Nicolae Buzăianu built a fortune in Romania buying cheap energy from government suppliers and selling it on the private market at a huge markup.
Some of those deals sparked criminal investigations that have jailed government officials. Yet Buzăianu, 50, one of Romania’s most famous businessmen, hasn’t been charged with a crime.
Media reports sketch a rapid rise for the Romanian and Swiss citizen, who holds a doctorate in the criminal tax law of both countries. In 1993, he started a consulting and management company in Romania with his brother Constantin and a Swiss partner, and has maintained a second base in Switzerland. Along the way, Buzăianu became a leading electrical energy trader and secured official positions as ambassador to the United Arab Emirates from the West African country of Gambia. He later served as the country’s ambassador to Monaco.
It’s unclear why Gambia would choose someone of Romanian and Swiss citizenship as a diplomatic representative, though Buzăianu did have business interests in the country. He and a relative, Dragoș Buzăianu, received a monopoly on timber exports from then-President Yahya Jammeh, and helped illegally export hundreds of millions of dollars worth of rosewood to China, according to records obtained by OCCRP. The Buzăinaus and Jammeh co-owned WestWood Gambia, which paid the president $15 million in fees from 2010 to 2016.
(Read more: The Inner Circle that Helped Jammeh Steal a Billion Dollars)
Buzăianu established his primary energy trading company, now known as Energy Holding, in 2000. His business model was simple: Buy energy at preferential prices from state-owned producers and sell it for a hefty profit. He became known as one of Romania’s “wise guys of energy.”
In just 18 months, from January 2011 to July 2012, Energy Holding bought electricity at about 32.4 euros per megawatt hour, a 36 percent discount off the the usual average rate of about 51 euros. The contract cost Romania about 314 million euros in lost revenue between 2006 and 2012, according to court documents. (The figure is based on exchange rates as of July 2012.)
Buzăianu’s renown was memorialized when his name was engraved on the window of the House of Bijan, a Beverly Hills menswear shop with a reputation as one of the most expensive in the world. According to a local media report in 2015, his moniker was placed just above other notable customers, including Benjamin Netanyahu, the prime minister of Israel; and Dan Ioan Popescu, his own godfather and a former Romanian minister of industry.
In 2010, Forbes estimated the Buzăianu brothers’ wealth at 140 to 150 million euros, though by 2012 the figure had dropped below 45 million euros. A more recent estimate was unavailable.
OCCRP determined that Energy Holding’s shares were transferred in 2005 to a Swiss entity Buzăianu was connected to at the time, and to a Cyprus offshore. In an interview two years later, Buzăianu said he no longer had anything to do with the company.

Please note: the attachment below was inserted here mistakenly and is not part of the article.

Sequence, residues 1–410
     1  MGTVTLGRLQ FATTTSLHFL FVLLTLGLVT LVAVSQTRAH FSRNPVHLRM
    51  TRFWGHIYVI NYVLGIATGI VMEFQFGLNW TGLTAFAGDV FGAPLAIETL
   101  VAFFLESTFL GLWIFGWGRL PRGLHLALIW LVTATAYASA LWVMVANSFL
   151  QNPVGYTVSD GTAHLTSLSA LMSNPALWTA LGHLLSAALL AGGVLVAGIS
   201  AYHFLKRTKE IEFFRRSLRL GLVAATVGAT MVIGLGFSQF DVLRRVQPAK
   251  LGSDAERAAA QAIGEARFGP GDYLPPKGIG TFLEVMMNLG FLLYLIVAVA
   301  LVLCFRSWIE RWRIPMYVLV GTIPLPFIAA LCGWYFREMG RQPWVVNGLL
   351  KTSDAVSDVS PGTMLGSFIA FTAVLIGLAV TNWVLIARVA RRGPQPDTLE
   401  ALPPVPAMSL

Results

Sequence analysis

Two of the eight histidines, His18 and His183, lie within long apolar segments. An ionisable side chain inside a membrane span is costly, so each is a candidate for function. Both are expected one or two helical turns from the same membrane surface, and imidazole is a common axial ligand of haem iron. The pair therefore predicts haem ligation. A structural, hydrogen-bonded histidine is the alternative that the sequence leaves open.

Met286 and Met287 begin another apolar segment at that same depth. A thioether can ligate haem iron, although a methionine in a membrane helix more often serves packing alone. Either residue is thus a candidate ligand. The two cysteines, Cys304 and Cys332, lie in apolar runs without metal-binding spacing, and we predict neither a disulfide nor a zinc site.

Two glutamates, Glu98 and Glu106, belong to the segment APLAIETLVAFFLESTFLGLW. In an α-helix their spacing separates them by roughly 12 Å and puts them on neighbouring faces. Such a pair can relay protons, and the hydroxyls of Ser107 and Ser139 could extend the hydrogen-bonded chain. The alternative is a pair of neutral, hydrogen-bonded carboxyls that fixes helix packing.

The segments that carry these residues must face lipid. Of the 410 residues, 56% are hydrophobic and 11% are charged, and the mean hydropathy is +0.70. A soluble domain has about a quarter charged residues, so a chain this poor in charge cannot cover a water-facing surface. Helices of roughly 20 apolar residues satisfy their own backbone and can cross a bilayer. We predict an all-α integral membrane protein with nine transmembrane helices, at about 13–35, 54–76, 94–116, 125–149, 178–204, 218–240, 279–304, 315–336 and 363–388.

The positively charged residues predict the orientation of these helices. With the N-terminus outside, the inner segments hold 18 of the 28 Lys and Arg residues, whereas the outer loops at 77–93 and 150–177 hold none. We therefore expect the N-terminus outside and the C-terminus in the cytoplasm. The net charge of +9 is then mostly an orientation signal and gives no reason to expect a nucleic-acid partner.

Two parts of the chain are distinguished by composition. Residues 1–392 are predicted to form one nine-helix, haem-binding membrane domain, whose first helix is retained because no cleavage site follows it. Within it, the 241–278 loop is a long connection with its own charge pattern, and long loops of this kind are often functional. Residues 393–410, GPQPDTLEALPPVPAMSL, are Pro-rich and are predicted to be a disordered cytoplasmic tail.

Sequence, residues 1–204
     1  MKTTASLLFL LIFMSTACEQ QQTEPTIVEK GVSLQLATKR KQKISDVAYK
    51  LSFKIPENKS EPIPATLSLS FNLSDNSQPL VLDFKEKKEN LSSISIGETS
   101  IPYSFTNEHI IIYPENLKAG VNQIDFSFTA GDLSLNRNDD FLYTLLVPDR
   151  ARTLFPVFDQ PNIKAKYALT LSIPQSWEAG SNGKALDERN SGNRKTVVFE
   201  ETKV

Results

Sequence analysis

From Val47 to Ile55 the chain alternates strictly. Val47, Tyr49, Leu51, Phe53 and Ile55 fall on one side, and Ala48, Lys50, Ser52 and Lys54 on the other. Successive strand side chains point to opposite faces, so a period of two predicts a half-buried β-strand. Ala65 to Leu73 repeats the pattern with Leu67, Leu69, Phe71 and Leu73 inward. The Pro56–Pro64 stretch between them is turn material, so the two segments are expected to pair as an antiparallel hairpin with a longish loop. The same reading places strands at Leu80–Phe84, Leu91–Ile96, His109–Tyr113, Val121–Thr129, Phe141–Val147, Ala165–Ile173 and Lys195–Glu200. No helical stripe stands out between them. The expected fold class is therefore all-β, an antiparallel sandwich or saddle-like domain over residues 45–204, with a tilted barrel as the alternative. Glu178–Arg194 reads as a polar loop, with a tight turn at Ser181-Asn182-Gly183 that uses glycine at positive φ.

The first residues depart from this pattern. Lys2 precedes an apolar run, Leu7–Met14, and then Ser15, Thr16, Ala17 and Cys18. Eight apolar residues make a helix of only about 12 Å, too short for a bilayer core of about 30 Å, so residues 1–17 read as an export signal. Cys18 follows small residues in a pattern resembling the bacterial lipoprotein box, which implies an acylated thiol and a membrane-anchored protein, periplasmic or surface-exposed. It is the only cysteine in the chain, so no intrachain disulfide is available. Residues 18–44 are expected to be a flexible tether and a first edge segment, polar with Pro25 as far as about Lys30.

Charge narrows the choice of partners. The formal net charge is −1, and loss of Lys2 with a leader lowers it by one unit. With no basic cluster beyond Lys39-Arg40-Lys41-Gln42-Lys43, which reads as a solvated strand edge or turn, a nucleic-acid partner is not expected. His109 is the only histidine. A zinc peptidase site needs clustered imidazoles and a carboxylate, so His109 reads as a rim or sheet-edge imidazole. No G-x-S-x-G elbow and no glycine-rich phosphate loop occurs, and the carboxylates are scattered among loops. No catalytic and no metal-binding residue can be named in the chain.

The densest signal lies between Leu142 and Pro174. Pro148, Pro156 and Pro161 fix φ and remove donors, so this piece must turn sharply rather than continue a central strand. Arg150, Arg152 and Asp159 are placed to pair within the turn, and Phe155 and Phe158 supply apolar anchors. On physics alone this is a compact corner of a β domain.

In 2012, a special administrator for the Romanian state-owned power producer Hidroelectrica decided to end the cheap supply deal with Energy Holding and denounced terms of the contract. Three years later, Romania’s Competition Council fined Energy Holding 2.7 million euros after determining the contracts breached Romania’s competition law and affected the fledgling liberalization of the country’s energy trading market.
In 2016, Romanian prosecutors charged Energy Holding with tax evasion and money laundering. Sources from the General Prosecutor’s Office told OCCRP partner the RISE Project that Energy Holding bought land at inflated prices.
Today, the company is in bankruptcy proceedings and the Romanian government is seeking to claw back some of its money.
When queried by RISE Project reporters, the prosecutor’s office declined to say if Buzăianu faces any criminal charges. A lawyer representing Energy Holding said Buzăianu declined interview requests and to comment on the investigations and lawsuits.
According to Romanian court records, a leading supplier of services to Energy Holding is Selectra AG, a Swiss company Buzăianu owned. In 2007 the two companies signed a service agreement for software to monitor electricity consumption in a multi-user system. In March 2013, Energy Holding was charged a fee of US$117,000 for use and maintenance of the software.
Prison Time for Some
In 2016, Codruț Sereș, Romania’s former minister of Economy and Commerce, was sentenced to four years in jail in a criminal case related to contracts awarded to Energy Holding. Six other officials also were sentenced in the case.
In 2017, Elena Udrea, a former Romanian minister of tourism, was sent to trial on charges of money laundering and influence trafficking. Romanian anti-corruption prosecutors alleged that she received $3.8 million to ensure that Energy Holding would keep getting low-cost power from Hidroelectrica.
Romanian prosecutors last year closed a criminal case related to Energy Holding. Local media reported that prosecutors were looking into corruption allegations in connection to a contract to refurbish Iron Gates, the biggest hydropower plant in Romania.